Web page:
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House of Lords Hansard
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Migration: Middle East and North Africa
12 May 2016
Volume 771

Question

Asked by

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To ask Her Majesty’s Government what evidence they have to support their claim that “pull factors” are responsible for the mass movement of people from the Middle East and North Africa in recent years.

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My Lords, the causes of migration are many and complex, but are commonly described as consisting of push factors that make people want to leave their own countries and pull factors that make them choose particular destinations. The Government do not claim that pull factors alone are responsible for migration, but there is good circumstantial evidence that demonstrates that language, benefits and work opportunities influence movements of people.

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I thank the Minister for his reply. I add my thanks for the Government’s change of heart on the emotive issue of vulnerable refugee children in Europe. Ten thousand of them have disappeared without trace, according to Europol, while 50% of those who accessed a Save the Children respite centre in Italy presented with sexually transmitted diseases acquired during transit. I see from the Minister’s reply—although I am glad to see that he has now accepted that there are some push factors involved—that the Government still insist that pull factors, by which he presumably means higher wages and benefits, are still at work. Given that these have remained relatively stable over many years, what does he believe is the reason behind the very large increase in numbers of refugees in recent years?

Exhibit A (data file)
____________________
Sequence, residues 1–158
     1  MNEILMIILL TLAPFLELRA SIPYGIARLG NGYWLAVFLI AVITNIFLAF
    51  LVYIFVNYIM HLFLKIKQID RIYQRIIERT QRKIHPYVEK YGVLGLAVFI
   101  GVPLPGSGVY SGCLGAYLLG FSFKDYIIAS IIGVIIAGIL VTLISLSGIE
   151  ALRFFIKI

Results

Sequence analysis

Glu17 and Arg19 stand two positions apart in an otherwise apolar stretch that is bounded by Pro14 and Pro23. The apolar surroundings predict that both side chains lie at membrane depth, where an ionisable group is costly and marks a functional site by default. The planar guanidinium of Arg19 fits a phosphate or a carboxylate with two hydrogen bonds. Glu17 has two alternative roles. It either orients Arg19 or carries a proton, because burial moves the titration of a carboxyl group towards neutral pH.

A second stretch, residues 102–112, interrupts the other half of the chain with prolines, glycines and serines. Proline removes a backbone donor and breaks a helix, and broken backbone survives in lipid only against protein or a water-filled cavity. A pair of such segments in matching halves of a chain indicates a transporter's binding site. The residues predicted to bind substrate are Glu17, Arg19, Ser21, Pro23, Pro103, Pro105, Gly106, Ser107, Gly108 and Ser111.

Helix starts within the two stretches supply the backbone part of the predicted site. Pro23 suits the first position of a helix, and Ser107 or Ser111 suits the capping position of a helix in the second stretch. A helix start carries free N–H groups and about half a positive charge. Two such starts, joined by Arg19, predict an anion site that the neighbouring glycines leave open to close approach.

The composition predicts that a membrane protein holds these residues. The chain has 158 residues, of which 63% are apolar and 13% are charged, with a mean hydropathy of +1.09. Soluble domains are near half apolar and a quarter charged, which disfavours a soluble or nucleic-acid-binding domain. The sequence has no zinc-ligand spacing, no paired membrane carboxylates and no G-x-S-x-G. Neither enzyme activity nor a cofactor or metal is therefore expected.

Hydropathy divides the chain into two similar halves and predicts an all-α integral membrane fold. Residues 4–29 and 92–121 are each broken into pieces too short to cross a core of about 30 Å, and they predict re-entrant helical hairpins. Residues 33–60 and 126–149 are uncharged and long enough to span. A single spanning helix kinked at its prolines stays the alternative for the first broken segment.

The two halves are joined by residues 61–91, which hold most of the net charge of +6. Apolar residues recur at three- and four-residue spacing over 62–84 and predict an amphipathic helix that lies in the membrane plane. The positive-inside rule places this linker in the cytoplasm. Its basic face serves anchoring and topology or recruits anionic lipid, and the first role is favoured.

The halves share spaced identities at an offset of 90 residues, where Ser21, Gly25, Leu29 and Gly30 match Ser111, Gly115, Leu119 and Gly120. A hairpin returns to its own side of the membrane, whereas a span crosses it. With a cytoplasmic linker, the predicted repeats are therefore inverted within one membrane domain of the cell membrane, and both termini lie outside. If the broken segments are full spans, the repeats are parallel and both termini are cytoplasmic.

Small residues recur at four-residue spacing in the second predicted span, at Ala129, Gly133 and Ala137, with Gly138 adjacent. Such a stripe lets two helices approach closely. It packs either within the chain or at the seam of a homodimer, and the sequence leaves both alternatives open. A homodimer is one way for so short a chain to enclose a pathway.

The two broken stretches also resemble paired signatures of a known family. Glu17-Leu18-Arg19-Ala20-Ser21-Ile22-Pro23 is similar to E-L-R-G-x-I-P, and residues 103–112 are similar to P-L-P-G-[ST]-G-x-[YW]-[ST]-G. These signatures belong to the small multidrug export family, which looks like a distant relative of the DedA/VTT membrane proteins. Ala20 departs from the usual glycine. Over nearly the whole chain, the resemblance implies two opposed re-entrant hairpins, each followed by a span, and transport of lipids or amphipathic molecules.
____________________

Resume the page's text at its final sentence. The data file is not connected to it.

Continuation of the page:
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The Government have always recognised that there are both push and pull factors in the context of migration—indeed, historically, that has been well established. One could go back to the Goths moving into the Western Roman Empire to confirm that issue. With regard to more recent migration, there is no doubt that a great deal of it is economically based. Indeed, statistical flows into Italy between January and April this year show that the top nationalities entering across the Mediterranean have been Nigerian, Gambian and Senegalese.

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My Lords, I saw for myself in Kurdistan in northern Iraq just last week that the major pull factors for people to come to Europe from that part of the world just now are fear and a lack of hope for the future. Will the Government at the coming World Humanitarian Summit properly prioritise education and child protection for families to ensure that they feel safer in the camps where they have been living now for far too long?

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The example that the noble Lord gives is in fact an example of push factors—if I might respectfully suggest. Clearly, they do exist in that part of the world. We are, of course, prioritising the issue of addressing these problems at source. That is where our most material efforts are being made and that is where we can prevent the terrible development of the criminal enterprise, which is not only moving families and children across the Mediterranean but then, according to recent reports, trafficking these vulnerable victims further.